What could you offer?
Make the offering.
One of the strangest and most meaningful experiences of my life occurred when I going through Rolfing (10 brilliant sessions of deep-tissue bodywork) in my early 20s. The fifth session works on the stomach area, and I was anticipating (= dreading) the release of buried sadness. Instead, there was a dam burst of love, which poured out of me during the session and afterward. I realized it was love, not sadness, that I had bottled up in childhood — and what I now needed to give and express.
We can hold back our contributions to the world, including love, just as much as we can muzzle or repress sorrow or anger. But contribution needs to flow; it stagnates and gets stinky if it doesn’t. Thwarted contribution is the source of much unhappiness. For example, the wound of loneliness and heartache is about not having others to give to as much as not having others to get from. And one of the major issues with adolescence in technological cultures is that there are few opportunities for teenagers to make a real difference, to matter and feel a sense of earned worth.
Now, “contribution” covers a lot of ground. It includes big things like raising a child, inventing the paperclip, or composing a symphony. But mainly it’s a matter of many little things. You give or receive hundreds of small offerings each day, such as doing the dishes, treating customers with respect, picking up a gum wrapper, encouraging a friend, having good intentions, or staying open to feedback. You contribute with thought, word, and deed, and both by what you do and by what you restrain yourself from doing.
In addition to the offerings you already make, you may sense other things inside that want to be offered. Can you open to these and let them flow? It does not matter how large or small they are. As Nkosi Johnson — a South African boy born with HIV who became a national voice for children with AIDS before dying at about age 12 — once said: “Do all you can, with what you have, in the time you have, in the place where you are.”
Appreciate some of the things you already contribute through thought, word, and deed. Let yourself feel good about this.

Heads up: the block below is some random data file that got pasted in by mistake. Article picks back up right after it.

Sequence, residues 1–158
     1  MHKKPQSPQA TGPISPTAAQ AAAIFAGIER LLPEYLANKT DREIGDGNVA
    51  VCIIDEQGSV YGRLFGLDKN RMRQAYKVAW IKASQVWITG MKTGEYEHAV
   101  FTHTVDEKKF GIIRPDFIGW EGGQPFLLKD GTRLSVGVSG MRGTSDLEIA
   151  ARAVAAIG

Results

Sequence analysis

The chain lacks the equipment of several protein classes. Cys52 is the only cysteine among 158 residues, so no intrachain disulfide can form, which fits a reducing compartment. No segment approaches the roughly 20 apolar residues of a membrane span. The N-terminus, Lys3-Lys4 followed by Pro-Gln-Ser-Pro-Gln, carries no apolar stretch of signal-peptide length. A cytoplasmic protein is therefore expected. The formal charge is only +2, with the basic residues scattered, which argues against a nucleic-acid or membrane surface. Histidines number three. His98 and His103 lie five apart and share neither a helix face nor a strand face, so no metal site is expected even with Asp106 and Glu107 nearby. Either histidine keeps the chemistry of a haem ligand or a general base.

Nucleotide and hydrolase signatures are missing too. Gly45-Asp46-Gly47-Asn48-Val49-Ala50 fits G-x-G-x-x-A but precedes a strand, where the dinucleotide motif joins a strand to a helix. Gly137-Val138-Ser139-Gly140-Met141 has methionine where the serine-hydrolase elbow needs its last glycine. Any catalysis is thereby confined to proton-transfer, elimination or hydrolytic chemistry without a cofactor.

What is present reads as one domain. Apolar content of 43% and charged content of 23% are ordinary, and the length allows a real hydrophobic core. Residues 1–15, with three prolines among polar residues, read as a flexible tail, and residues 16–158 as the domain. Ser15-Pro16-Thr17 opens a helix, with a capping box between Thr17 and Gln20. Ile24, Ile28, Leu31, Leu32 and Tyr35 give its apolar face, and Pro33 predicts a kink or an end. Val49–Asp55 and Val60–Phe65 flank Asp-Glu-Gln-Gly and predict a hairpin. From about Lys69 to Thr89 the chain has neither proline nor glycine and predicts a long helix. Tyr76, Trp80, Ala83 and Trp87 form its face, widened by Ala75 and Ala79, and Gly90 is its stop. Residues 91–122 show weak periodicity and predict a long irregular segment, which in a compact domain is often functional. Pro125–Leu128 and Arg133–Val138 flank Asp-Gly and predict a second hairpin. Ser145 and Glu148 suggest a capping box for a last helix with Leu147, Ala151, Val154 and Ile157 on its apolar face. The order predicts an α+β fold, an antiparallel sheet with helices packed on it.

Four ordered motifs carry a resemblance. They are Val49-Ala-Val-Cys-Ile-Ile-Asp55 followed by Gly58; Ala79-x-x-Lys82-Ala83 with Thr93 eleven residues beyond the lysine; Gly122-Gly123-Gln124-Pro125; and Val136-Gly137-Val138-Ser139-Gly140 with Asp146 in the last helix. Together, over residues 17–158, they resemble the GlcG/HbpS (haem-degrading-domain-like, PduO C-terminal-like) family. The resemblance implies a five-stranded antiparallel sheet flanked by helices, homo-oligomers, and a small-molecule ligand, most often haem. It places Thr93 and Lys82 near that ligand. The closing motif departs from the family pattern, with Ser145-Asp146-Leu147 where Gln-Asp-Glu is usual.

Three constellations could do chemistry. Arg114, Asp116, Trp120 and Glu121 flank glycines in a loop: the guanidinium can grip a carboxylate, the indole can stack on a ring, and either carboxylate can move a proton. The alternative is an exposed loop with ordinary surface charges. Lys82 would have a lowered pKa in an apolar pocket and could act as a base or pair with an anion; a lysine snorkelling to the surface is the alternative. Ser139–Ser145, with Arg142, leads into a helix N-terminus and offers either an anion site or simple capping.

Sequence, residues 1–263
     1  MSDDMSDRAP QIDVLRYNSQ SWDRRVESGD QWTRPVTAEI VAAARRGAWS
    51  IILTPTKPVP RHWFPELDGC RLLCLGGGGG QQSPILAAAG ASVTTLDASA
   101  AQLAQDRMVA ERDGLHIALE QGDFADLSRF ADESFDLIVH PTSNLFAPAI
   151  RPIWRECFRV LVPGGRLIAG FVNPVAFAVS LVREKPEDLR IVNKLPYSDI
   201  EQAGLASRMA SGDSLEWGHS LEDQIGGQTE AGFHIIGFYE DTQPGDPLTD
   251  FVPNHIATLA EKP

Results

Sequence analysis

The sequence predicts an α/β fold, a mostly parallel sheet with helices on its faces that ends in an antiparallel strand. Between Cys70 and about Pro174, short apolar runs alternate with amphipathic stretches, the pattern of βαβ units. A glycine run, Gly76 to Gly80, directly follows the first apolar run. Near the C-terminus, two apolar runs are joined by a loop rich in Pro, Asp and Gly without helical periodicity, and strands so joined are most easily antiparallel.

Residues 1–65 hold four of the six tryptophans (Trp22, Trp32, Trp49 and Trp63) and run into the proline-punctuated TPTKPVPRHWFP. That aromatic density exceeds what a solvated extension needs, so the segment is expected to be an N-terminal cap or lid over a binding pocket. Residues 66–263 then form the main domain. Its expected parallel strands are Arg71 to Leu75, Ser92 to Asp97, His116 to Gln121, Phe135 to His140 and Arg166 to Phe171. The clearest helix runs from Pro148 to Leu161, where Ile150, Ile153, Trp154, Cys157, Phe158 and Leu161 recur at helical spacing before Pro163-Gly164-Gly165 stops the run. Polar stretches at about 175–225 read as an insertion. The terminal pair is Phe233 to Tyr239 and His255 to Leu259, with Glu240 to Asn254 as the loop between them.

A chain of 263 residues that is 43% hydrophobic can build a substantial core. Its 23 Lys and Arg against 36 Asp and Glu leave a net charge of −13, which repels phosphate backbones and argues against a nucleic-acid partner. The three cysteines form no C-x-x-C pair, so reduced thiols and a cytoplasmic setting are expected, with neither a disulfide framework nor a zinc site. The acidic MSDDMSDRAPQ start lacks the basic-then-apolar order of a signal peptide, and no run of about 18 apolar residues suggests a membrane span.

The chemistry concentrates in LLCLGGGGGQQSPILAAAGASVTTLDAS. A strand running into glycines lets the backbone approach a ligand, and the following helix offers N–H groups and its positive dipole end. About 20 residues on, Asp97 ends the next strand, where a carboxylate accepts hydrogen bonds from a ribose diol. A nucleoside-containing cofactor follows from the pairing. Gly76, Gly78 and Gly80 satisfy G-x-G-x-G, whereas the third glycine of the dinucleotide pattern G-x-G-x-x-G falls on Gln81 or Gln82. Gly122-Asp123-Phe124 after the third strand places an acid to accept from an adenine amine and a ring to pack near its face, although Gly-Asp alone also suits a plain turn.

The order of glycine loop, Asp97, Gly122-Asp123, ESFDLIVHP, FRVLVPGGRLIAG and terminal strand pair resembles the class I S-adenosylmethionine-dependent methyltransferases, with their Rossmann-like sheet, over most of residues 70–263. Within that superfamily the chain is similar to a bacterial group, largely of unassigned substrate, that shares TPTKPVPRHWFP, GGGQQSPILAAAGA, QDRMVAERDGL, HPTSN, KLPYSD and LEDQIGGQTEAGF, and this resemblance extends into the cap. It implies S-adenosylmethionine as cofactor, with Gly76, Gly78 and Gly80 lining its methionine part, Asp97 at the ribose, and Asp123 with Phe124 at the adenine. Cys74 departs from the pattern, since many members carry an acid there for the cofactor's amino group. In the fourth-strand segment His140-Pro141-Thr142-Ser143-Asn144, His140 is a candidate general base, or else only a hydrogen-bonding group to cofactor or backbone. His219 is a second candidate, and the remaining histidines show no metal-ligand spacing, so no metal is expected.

Moving through your day, try considering your contributions as offerings — particularly the little things that are easy to overlook, such as the laundry, courteous driving, or saying thanks. When you relate to everyday actions as offerings, you feel an intimacy with the world, more kindness, perhaps even something sacred.
Also try on a sense of being unattached to the results of your offerings. Sure, it’s OK to hope for the best. But if you get fixed on some outcome, it’s a setup for pressure and disappointment. I got a good lesson about this from my friend David, who was becoming a priest in an urban zen center and preparing for his first public talk. I asked David if it bothered him to work hard to present something precious to people who might not value it. He looked at me like he could not understand my question. Then he made a gesture with both hands as if he were setting something at my feet, saying: “My part is to give the talk as best I can. Whatever they pick up is up to them. I hope it’s helpful, but that’s out of my hands.”
It’s alright to make offerings from enlightened self-interest. When you give, you receive. Which helps you keep giving. To be benevolent to others, you must be benevolent to yourself.
Also listen to your heart for additional offerings calling to be expressed. Maybe it’s the offering of never speaking out of anger, or really starting that novel, or determining to give love each day. It could even be an offering to your future self — the being above all others you have the greatest power over, and thus the highest duty to — such as regular exercise or taking steps toward a better job.
Help yourself sustain this practice by feeling good about your contributions, regarding actions as offerings, staying focused on a key new offering, and holding self-criticism at bay. As Leonard Cohen sings:
“Ring the bells that still can ring
Forget your perfect offering
There is a crack in everything
That’s how the light gets in
That’s how the light gets in”
For more by Rick Hanson, Ph.D., click here.
For more on emotional wellness, click here.
Rick Hanson, Ph.D., is a neuropsychologist and author of Hardwiring Happiness (coming in October 2013), Buddha’s Brain: The Practical Neuroscience of Happiness, Love, and Wisdom (in 23 languages) and Just One Thing: Developing a Buddha Brain One Simple Practice at a Time (in 12 languages). Founder of the Wellspring Institute for Neuroscience and Contemplative Wisdom and Affiliate of the Greater Good Science Center at UC Berkeley, he’s been an invited speaker at Oxford, Stanford, and Harvard, and taught in meditation centers worldwide. His work has been featured on the BBC, NPR, FoxBusiness, Consumer Reports Health, U.S. News and World Report, and O Magazine and he has several audio programs with Sounds True. His weekly e-newsletter – Just One Thing – has over 73,000 subscribers, and also appears on Huffington Post, Psychology Today, and other major websites.